As for Northern Ireland, yes, if the people of the province want a referendum on their future we must grant it, and we must abide by their decision. However, it's far from sure whether either the citizens of the province or the Republic of Ireland would be keen. First, finance. Northern Ireland costs the UK about £10bn more each year than it raises in tax - not far short of the £13bn we paid each year to the EU. If Ireland is to keep the same levels of welfare and public services there as now, it will be a painful cost. Ireland currently has a GDP of around £75bn and taxes are just under 24% of GDP. Irish taxes would have to rise to 37% of GDP to pay for the North. I suspect that's why NI polls show that just 25% favour unification with the Republic with 52% opposing.The levels of austerity they would need to endure would be destructive.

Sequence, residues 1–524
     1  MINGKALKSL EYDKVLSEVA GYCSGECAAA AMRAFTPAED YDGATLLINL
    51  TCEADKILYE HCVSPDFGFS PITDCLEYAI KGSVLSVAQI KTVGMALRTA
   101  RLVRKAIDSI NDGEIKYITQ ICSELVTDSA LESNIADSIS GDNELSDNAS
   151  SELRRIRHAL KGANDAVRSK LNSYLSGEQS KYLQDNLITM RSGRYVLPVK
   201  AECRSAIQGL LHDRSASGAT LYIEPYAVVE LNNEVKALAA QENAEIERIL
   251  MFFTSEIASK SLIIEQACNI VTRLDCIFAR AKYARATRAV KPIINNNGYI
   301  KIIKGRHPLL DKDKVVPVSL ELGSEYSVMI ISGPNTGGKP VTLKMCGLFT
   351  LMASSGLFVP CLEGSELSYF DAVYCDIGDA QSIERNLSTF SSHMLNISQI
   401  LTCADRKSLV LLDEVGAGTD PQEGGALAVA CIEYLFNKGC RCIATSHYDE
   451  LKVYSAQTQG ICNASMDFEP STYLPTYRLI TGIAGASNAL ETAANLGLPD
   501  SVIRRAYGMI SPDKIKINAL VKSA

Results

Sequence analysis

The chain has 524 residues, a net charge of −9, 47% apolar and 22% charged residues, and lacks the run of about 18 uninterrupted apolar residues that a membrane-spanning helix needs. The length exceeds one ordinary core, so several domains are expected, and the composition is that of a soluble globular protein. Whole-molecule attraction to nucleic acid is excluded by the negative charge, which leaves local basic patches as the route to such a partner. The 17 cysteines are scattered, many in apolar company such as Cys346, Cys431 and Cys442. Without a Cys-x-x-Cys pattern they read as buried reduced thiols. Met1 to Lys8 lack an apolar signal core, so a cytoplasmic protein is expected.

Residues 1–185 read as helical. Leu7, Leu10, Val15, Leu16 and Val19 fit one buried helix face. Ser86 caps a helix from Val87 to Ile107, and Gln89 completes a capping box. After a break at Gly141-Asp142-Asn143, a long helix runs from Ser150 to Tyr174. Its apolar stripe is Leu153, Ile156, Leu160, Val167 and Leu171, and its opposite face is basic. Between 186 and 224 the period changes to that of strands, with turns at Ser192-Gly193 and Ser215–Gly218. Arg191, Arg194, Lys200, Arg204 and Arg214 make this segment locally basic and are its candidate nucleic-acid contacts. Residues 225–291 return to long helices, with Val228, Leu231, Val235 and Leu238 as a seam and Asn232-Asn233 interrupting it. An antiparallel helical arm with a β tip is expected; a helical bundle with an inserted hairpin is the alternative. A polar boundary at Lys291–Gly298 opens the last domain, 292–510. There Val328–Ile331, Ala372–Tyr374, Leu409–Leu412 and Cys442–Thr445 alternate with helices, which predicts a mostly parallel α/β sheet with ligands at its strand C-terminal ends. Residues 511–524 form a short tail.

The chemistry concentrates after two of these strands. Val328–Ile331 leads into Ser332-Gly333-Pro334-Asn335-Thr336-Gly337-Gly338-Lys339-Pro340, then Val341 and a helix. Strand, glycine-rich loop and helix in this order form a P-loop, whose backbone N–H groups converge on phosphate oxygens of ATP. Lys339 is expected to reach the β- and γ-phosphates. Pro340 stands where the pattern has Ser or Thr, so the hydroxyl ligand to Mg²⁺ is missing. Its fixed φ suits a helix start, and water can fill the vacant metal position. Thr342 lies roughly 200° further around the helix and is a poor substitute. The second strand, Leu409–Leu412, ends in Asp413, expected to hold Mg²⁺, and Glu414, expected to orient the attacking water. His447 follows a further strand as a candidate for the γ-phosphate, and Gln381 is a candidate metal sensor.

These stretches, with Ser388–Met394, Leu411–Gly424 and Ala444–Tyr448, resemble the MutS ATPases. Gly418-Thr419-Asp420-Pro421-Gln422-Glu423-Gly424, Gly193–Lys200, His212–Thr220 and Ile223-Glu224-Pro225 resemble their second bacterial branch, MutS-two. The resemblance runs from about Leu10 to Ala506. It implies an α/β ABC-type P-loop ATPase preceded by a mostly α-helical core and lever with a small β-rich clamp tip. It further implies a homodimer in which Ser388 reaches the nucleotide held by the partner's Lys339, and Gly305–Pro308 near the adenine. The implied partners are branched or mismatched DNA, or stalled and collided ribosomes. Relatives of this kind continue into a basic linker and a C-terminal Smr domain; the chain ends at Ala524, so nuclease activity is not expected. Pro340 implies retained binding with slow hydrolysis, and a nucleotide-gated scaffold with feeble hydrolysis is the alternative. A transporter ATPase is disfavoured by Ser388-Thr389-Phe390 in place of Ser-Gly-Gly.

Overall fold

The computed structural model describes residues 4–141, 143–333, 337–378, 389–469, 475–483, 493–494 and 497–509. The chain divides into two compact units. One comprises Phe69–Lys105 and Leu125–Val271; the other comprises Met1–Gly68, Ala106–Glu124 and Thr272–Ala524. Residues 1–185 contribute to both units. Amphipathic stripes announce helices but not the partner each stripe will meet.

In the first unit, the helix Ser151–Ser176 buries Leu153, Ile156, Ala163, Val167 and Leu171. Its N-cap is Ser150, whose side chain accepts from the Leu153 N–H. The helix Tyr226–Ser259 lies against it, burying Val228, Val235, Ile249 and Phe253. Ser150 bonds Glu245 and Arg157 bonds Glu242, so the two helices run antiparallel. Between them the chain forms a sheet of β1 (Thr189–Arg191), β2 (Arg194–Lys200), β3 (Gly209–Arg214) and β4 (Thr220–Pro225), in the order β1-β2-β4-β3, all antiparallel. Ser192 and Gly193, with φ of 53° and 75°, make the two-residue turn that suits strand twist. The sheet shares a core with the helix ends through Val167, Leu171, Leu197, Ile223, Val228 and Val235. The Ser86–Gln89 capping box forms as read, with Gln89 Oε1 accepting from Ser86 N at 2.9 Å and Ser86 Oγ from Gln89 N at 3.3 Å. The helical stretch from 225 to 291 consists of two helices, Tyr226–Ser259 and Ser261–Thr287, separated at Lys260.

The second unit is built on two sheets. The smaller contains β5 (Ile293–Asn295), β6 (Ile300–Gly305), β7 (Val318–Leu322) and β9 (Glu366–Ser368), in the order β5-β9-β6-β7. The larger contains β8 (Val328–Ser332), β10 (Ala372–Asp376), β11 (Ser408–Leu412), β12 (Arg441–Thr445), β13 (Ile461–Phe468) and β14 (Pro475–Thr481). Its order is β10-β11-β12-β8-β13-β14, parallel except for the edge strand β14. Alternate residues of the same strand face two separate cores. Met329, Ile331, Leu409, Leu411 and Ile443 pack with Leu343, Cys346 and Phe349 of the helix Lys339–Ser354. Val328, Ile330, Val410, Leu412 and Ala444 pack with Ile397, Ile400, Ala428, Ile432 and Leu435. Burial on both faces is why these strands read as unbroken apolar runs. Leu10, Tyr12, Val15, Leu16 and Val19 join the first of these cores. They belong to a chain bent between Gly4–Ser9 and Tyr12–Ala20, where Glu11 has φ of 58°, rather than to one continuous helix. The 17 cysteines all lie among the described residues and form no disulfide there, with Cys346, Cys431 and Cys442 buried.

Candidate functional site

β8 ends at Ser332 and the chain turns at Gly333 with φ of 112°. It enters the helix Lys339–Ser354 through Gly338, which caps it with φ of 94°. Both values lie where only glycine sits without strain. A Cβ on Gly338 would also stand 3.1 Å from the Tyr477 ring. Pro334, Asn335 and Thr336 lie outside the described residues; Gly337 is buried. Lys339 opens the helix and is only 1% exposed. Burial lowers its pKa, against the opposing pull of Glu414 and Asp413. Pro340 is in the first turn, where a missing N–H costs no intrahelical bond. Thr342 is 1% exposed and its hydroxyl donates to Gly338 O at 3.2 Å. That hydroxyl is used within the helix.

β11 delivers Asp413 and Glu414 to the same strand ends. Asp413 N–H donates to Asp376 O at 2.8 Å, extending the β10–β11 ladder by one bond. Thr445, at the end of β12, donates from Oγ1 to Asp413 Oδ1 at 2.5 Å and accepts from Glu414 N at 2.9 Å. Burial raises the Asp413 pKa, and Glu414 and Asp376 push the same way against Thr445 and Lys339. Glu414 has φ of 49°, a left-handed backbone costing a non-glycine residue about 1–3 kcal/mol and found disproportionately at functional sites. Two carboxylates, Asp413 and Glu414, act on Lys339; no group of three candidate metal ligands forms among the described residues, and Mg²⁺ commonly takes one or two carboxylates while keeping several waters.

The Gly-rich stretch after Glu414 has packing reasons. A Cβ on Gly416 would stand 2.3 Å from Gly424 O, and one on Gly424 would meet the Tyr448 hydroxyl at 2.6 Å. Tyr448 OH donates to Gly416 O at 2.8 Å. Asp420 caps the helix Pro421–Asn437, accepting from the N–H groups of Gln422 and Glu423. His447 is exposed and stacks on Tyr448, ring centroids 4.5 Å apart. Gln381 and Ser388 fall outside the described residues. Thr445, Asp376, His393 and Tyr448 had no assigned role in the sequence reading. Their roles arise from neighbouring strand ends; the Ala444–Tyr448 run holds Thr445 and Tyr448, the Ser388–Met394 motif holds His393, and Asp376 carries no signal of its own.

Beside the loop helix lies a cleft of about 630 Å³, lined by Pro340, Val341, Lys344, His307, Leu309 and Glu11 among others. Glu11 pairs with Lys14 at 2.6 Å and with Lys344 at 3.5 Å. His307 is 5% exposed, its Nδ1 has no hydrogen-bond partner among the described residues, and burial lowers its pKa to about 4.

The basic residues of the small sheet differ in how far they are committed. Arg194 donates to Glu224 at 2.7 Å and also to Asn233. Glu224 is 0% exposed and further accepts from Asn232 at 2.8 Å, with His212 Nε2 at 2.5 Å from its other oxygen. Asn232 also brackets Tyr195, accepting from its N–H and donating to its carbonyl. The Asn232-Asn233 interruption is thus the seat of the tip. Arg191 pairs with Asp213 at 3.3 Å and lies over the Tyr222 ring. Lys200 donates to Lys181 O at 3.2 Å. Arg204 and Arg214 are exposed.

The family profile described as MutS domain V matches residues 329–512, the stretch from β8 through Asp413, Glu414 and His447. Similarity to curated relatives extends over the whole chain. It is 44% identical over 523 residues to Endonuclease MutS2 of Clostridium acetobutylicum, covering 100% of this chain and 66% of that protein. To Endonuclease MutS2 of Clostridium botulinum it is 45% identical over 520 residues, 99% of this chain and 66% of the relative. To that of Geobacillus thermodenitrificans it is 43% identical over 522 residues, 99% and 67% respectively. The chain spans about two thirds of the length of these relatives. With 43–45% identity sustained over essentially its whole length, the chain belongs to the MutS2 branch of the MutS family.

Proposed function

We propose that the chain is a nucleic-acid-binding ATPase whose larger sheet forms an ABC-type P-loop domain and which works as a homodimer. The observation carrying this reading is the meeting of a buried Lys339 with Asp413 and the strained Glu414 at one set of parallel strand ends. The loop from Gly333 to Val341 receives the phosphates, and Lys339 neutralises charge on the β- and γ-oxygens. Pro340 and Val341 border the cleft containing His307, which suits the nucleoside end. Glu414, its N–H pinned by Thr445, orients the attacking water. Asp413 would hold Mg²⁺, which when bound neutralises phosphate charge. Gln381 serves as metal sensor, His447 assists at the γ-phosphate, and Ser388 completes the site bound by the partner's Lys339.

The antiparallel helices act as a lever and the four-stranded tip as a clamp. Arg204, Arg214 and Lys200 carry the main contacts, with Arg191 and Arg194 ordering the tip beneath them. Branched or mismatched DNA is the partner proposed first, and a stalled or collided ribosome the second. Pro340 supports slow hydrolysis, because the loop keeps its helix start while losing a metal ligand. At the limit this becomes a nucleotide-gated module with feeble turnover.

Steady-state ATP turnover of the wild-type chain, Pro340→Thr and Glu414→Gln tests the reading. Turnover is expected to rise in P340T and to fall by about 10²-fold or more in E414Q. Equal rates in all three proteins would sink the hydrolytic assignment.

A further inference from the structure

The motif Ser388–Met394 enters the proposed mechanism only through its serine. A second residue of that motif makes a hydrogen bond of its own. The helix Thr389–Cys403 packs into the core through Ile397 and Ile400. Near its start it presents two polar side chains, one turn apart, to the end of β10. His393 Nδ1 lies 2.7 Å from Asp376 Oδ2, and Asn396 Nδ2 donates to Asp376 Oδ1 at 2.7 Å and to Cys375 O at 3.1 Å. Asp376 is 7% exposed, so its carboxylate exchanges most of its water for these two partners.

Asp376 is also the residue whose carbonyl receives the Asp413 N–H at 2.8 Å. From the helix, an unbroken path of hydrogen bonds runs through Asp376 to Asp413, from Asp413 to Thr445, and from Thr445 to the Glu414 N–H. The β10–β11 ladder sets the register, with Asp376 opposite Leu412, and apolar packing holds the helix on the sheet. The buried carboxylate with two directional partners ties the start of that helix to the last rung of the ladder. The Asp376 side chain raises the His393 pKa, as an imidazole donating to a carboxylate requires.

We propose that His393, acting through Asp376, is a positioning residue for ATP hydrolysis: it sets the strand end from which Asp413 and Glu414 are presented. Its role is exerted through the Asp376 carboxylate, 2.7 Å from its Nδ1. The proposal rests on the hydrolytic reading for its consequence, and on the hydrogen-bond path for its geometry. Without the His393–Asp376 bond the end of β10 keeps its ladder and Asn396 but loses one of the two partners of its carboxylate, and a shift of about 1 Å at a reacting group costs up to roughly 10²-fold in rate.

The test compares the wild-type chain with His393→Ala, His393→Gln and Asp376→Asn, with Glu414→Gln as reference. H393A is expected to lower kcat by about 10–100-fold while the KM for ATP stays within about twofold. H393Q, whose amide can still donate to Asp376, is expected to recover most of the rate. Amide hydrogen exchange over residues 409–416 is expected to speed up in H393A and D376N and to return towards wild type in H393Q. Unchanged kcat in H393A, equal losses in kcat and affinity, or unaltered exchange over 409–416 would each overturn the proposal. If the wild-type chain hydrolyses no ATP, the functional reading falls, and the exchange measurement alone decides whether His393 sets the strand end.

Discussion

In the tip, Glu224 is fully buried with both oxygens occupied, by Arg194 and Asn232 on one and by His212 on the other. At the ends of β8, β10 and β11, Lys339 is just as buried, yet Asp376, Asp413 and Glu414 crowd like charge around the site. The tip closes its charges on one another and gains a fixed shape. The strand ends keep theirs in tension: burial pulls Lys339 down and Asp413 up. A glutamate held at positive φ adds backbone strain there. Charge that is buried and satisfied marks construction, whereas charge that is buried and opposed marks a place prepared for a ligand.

Ireland's low tax rate is significant. The EU is asking its members to tax their people more to both make up for Brexit and pay for other aspirations - but the effects of tax increases to pay for the Berlaymont's trillion Euro goggle eyes (we've just punched a €94m hole in that) impact the people of Europe very differently. Ireland has an overall tax rate of 23.5% of GNI, France 48.4%.

% of GNI subvented by EU

Tax rate 1.00% 1.10% 1.20% 1.30%
Ireland 23.5 4.3% 4.7% 5.1% 5.5%
Romania 25.8 3.9% 4.3% 4.7% 5.0%
Spain 34.5 2.9% 3.2% 3.5% 3.8%
Netherlands 39.2 2.6% 2.8% 3.1% 3.3%
Germany 40.5 2.5% 2.7% 3.0% 3.2%
Italy 42.4 2.4% 2.6% 2.8% 3.1%
Austria 42.4 2.4% 2.6% 2.8% 3.1%
Sweden 44.9 2.2% 2.4% 2.7% 2.9%
Denmark 46.5 2.2% 2.4% 2.6% 2.8%
Belgium 47.3 2.1% 2.3% 2.5% 2.7%
France 48.4 2.1% 2.3% 2.5% 2.7%

Increasing the EU's annual charge to its members from 1.0% of GNI to 1.3% of GNI doesn't sound much - but for an Irishman it means the proportion of his tax going to Brussels rises by 1.2%, whilst a Frenchman can shrug off a 0.6% increase.